During the evening, D’Addario also presented awards to standout American MI retailers. School Music Dealer of the Year was awarded to Amro Music; Retail Sales Team of the Year was awarded to Ken Stanton Music; Combo Dealer of the Year was awarded to Blues Angel Music; and Community Dealer of the year was awarded to Beacock Music.

 

Voices from the Show Floor

“Overall I felt attendance of dealer business was up. The overall customer attitude to the industry at large was hopeful and optimistic. There was a lot of excitement around D’Addario products. There were some really cool products launching from D’Addario, as well as vendors that truly fill a need for the gigging musician.”

John Pizz, D’Addario & Co.

“I thought SNAMM 2019 was fantastic. I think Gibson acknowledged the importance of the show with our presence. With Nashville being so close to the largest population of the U.S., it is only logical that we (as instrument manufacturers) get behind the power of the face-to-face interaction with our dealers – and ultimately our fans. What I like about the summer show over the winter show is the ability to conduct business and be able to hear what the person you are communicating with is saying!”

Dendy Jarrett, Gibson Foundation

“Success at Summer NAMM doesn’t come from the quantity of people we talk to, it’s the quality of conversations we have. Summer NAMM continues to be the place to have meaningful conversations with the stores that make it a priority to attend the show. Frankly, I don’t know if the attendance was up or down as compared to years past. I do know that the ‘vibe’ was positive, the outlook was optimistic and the sales potential are real.”

David Jahnke, Hal Leonard

“It was good to see the show floor has expanded since our last showing in 2017 with more of the big builders there. We did very well. We decided to only show new or recent product development, we had a brand-new (ink still wet) catalog and a new website which has been a huge boost for us. The first day was a bit slow but I scheduled the majority of my meetings that day which offset slower floor traffic and gave us all a chance to explore and see new products. We are all very pleased with the success we had and expect the remainder of 2019 to continue the same positive trends.”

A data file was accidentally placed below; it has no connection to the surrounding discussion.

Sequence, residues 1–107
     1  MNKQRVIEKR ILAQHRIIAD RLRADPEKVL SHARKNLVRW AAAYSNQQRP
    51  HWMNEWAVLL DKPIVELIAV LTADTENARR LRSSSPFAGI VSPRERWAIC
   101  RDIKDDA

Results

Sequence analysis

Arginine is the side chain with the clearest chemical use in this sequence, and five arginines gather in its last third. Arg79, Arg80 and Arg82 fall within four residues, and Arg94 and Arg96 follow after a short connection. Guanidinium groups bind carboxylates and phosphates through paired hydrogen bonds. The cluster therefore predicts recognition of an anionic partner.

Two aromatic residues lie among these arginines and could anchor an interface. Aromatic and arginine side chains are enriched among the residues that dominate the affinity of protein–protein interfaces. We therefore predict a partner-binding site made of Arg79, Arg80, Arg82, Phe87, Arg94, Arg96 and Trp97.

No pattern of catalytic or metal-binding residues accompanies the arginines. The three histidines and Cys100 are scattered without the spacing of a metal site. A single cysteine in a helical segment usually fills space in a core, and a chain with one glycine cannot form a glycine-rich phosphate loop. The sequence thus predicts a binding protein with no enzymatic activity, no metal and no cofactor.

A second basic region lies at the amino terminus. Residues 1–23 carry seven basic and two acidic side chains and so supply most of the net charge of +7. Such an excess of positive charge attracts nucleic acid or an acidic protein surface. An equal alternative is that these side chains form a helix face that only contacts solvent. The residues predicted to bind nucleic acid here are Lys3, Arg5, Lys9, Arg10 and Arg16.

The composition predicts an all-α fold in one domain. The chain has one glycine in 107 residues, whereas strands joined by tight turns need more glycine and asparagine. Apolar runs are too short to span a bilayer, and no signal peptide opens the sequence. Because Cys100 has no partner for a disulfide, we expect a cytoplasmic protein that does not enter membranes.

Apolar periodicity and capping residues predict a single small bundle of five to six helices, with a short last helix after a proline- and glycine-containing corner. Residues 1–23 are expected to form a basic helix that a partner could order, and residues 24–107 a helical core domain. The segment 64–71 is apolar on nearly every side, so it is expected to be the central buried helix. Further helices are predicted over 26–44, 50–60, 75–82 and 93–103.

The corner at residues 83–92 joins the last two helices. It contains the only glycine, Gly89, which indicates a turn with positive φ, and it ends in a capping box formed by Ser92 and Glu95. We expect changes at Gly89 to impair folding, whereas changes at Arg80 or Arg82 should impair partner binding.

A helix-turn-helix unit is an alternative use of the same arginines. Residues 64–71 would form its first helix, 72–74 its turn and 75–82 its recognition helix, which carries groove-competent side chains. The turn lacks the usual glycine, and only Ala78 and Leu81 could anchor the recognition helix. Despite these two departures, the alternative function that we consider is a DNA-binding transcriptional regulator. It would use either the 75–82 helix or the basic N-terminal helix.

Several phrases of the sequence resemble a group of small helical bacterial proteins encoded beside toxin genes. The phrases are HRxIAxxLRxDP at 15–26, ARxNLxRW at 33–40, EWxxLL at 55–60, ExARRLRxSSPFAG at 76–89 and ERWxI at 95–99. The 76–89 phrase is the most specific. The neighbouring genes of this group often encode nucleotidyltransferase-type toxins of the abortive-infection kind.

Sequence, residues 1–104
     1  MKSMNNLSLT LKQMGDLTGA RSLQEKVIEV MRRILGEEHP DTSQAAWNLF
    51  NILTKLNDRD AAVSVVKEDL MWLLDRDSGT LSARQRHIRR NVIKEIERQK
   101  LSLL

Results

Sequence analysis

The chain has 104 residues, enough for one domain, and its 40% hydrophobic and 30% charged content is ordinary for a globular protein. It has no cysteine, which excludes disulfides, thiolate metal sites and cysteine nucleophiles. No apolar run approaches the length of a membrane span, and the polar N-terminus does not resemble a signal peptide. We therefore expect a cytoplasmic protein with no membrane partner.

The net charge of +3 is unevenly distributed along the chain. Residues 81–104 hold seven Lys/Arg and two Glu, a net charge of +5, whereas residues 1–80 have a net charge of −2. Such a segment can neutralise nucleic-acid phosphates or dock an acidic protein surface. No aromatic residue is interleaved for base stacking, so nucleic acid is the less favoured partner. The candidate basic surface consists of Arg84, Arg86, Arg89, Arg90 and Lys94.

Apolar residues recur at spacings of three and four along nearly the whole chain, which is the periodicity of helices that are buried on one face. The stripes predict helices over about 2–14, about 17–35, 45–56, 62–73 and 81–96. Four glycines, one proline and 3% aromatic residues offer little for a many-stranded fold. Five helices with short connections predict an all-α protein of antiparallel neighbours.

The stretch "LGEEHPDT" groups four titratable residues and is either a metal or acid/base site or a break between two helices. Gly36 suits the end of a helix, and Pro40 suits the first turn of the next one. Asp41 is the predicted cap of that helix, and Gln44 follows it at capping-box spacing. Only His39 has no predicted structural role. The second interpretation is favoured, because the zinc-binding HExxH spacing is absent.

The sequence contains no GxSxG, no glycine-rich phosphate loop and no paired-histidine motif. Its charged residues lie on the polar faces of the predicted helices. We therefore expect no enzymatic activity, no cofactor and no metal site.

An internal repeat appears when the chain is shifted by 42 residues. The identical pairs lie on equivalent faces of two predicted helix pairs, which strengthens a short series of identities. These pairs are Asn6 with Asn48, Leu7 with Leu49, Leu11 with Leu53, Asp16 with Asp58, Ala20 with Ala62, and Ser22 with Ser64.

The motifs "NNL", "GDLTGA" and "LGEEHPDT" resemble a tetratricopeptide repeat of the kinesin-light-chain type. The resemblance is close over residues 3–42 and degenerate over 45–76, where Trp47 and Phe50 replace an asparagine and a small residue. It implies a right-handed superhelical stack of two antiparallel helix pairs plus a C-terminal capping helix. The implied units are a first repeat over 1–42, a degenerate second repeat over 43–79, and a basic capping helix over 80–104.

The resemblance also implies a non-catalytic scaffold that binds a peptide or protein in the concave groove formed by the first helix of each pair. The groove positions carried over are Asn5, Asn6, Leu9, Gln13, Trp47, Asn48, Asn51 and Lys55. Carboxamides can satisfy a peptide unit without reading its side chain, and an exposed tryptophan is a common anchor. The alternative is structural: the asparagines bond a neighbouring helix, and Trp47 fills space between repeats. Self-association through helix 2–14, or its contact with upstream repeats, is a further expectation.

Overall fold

Dave Lewis, WD Music Products,

Inc. | Kluson Manufacturing Co.

“The show was great. It’s a very guitar-centric show, so it’s always a blast. The overall vibe was very positive and I felt great energy and momentum. You could feel that we’re in a cycle of growth and opportunity. In the coming months we are very excited as we used the summer show to launch several big new products like the Tone Master, Acoustasonic Exotics and the Vintera Series, which should give us a solid second half of the year.”

Justin Norvell, FMIC

“Summer NAMM was decent this year. The venue is great and NAMM does a nice job putting on the show. The traffic felt a little light compared to last year, but we still were able to meet with many of our key regional dealers in the Midwest. We are positive so far this year in the MI Industry – and specifically guitar and bass accessories. After being flat for a minute, we have seen significant increases last year and so far this year going into Q3 and Q4.”

Tim Pfouts, S.I.T. Strings Co., Inc

“Airpatch made an impact at the Summer NAMM show gathering lots of attention as a versatile accessory for your favorite effects pedals. The support from industry veterans and amazing reactions of people trying out Airpatch made the first ever public debut a major success. We expect the music products industry to continue moving towards brand new ideas that capitalize on the most cutting edge technology available.”

Ryan Jaquin, Aviate Audio

“I like it being more focused. I sell a lot of guitar-oriented products at Hercules Stands, there are a ton of guitar players here, and interacting with the consumers is always lots of fun. So that’s still intact – the interaction and the engagement that we have with our retail partners and our customers, that remains unchanged. This year especially, a lot of our retail partners are much more upbeat than they have been in the past several years. 2008 changed a lot, and we’re out of that now. I think people are more optimistic. We’re having fun again.”

Kevin Philbin, KHS America

“It’s great to see some of the bigger companies back here as well this year, and I think the attendance was very good. It’s an excellent opportunity to see new products and to be in a smaller environment, but still be able to talk to company representatives and learn about new products, particularly things that could be important for the fourth quarter.”

Chris DeMaria, Fishman